Wednesday, 7 January 2009


I started to think last week about the difference in what we physically see and what we actually perceive in our minds. The catalyst for these thoughts where as a result of watching the same television programme as some other people but having a completely different perception of what we had seen.

I visualised the following diagrammatic metaphor as a means of understanding this behaviour. But first a disclaimer, I have no knowledge of the optical mechanics of the human eye or the vastly complex neural processes that convert electrically stimulated cells on the retina into a conscious understanding in the brain. The diagram a few paragraphs below is therefore purely a metaphor.

Without intelligence, an image has no meaning. A digital camera can record a 7 million pixel crystal clear image of the world, but to the camera itself, it is worthless, the camera cannot deduce anything from the image or have a sense of beauty or wonder at the image it has captured. The human eye itself is somewhat similar, it merely captures an image of the world through a lens. The brain however, is able to decipher this image into some type of meaning. I suspect however, that it can’t do this without some prior knowledge and learning, and the nature of that knowledge and learning will determine how the image is perceived.

I remember an anecdote Billy Connolly once gave where he took his young children to the top of a mountain to show them a breathtaking view and had to explain to them that it was beautiful. Without learning what beauty is, and relating it to images, how can we judge what is beautiful? So once we have a little knowledge we can start to truly see things. I suspect however that our limited knowledge and learning greatly restricts what we are in fact able to see.

In the diagram below the eye is seeing a complete image of the world, but the limited knowledge of the brain processing the image is severely restricting what the viewer perceives to the green shaded area.

According to this crude metaphor: education, learning and knowledge have a great deal to play in actually being able to see what is around us. Not only does the breadth of knowledge affect what we can see, the nature and details of the knowledge will also affect how we see it.

One criticism that science is often charged with is that breaking the physical and natural world down into cruel, intelligible and atomic facts and processes can rob it of its beauty and majesty. Many popular science writers rebut this accusation with a contrary claim that knowledge in fact increases our ability of appreciating beauty and awe. My metaphor echoes this claim and my experience backs it up. I can certainly perceive a lot more about the world around me (including its beauty and awe) as a result of making a conscious attempt to understand it better.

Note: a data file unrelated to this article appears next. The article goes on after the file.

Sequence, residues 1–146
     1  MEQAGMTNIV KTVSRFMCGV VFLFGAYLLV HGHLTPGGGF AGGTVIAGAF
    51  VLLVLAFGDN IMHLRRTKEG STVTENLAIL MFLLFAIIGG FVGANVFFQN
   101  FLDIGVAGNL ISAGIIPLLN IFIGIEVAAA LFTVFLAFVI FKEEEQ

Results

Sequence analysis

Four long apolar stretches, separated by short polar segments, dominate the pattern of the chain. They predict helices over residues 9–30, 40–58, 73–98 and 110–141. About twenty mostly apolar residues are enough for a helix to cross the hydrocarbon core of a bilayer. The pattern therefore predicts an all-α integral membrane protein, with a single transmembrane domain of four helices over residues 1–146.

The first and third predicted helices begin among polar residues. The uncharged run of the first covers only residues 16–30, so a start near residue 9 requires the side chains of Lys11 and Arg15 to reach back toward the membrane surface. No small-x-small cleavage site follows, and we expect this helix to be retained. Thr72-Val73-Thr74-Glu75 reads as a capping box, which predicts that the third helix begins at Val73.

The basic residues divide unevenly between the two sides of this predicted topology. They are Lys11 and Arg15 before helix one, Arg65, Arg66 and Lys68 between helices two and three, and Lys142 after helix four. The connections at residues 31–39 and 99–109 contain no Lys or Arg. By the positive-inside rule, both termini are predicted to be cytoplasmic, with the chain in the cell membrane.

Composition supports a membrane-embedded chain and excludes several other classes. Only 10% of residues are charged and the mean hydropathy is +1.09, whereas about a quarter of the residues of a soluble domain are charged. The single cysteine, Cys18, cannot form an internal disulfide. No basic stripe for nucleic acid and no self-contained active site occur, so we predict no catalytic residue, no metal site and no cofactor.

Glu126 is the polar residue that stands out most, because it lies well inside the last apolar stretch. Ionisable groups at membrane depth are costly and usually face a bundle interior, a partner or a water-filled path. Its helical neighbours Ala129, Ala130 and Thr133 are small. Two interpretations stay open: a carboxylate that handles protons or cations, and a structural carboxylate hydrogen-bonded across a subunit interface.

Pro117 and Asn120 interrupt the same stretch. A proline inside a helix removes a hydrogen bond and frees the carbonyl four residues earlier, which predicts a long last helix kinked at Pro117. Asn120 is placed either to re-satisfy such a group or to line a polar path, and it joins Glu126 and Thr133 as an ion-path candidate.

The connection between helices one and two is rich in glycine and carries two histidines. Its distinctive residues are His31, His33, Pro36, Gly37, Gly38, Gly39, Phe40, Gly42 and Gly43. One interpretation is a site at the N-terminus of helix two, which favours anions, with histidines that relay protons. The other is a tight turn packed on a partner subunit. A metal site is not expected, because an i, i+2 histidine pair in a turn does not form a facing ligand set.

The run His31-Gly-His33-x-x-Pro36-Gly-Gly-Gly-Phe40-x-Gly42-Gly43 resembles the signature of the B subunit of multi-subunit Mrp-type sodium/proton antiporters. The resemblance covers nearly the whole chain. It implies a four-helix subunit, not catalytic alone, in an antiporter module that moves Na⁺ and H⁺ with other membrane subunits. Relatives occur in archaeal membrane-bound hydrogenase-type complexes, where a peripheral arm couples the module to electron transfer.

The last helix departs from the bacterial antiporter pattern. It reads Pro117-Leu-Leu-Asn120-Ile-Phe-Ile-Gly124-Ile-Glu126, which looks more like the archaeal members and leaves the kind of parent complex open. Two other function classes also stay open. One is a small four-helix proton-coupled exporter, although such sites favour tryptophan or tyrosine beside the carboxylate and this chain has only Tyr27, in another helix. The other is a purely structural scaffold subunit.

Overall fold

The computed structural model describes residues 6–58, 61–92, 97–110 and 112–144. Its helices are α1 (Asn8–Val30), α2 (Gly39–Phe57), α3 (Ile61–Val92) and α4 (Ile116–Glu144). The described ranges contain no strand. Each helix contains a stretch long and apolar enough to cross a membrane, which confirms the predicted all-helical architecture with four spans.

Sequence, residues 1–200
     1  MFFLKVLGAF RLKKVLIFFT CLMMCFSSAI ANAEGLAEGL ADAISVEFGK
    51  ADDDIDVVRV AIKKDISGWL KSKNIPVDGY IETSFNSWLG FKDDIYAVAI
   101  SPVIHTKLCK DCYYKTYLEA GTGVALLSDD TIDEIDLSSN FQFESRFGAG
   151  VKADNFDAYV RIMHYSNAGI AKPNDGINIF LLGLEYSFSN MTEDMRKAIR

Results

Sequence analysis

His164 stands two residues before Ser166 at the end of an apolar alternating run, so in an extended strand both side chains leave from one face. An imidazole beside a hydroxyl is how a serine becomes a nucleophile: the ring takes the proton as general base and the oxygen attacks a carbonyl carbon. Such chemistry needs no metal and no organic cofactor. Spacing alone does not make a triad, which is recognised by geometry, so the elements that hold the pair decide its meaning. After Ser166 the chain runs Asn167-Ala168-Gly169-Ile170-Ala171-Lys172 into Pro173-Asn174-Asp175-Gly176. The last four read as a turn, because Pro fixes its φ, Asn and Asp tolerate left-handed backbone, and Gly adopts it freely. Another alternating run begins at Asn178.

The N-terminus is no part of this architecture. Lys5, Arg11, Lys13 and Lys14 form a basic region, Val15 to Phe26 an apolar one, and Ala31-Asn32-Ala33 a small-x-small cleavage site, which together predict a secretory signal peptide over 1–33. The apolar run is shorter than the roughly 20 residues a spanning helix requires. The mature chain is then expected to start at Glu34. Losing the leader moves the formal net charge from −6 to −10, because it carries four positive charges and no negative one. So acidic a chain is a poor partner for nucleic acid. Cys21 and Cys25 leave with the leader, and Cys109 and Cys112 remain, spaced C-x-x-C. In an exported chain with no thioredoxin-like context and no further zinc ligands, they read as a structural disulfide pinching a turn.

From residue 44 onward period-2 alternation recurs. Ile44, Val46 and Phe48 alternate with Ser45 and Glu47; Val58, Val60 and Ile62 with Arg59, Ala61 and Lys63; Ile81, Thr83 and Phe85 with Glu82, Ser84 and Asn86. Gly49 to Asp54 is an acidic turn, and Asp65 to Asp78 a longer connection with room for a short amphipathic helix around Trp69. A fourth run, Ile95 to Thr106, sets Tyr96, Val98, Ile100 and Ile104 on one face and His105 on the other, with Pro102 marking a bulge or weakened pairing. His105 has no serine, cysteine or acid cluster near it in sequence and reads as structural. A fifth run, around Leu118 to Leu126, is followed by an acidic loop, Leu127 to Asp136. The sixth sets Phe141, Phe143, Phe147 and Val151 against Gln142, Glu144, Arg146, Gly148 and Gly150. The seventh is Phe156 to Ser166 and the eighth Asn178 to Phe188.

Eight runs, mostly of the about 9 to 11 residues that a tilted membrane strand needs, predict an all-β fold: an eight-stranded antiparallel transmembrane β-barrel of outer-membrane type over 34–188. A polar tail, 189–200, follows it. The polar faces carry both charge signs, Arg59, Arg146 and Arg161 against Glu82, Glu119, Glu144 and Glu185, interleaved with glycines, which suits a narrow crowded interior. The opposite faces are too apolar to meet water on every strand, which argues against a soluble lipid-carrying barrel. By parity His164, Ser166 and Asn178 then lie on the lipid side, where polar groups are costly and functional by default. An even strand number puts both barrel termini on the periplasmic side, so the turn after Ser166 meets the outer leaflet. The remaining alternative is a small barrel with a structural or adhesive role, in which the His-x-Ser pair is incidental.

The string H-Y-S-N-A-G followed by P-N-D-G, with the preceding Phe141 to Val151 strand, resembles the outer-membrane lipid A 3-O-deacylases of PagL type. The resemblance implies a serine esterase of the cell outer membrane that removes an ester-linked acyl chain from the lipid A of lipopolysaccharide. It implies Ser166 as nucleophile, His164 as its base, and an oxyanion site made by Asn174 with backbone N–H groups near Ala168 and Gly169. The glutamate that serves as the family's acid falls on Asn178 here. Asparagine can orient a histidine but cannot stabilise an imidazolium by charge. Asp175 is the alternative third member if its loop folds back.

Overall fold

Perhaps this metaphor can also explain a little about how religious and secular views of the world differ. The Church has historically made great efforts to control and restrict the knowledge and understanding of its followers to ensure they only perceive that small part of the world that is relevant to the Church’s teachings. Based on my religious friends, I suspect that the Church still attempts to instil notions and taboos in order to try and restrict the growth of knowledge outside of its worldview by censoring, or at least actively discouraging, secular books and TV programmes that threaten its cherished view. It is very easy to understand how religion had such a stronghold on the populous in the Dark Ages where knowledge was limited and Church controlled. No wonder natural disasters where routinely perceived as divine retribution and simple confidence tricks and coincidences perceived as miracles.

To take the metaphor once stage further, I think the notion of the knowledge of the brain deciphering the images of our eyes can extend beyond the small visible spectrum of light our eyes have evolved to process.

Our understanding of the universe, galaxies and planetary system largely exceeds what can be viewed by the naked eye. We had an understanding of the atomic structure in a time when glimpsing it was not possible. Perception can therefore be advanced beyond our sight by scientific peer reviewed theories backed up by incontrovertible evidence.

Perhaps this is what has led to a complex (although still incomplete) scientific perception of the world that often seems at odds with our “common sense”. A “common sense” that has evolved to make use of the more limited and less educated perception of the world. Is it this the same “common sense” that leads us up the garden paths of religion, paranormal, superstition, pseudoscience and quackery?
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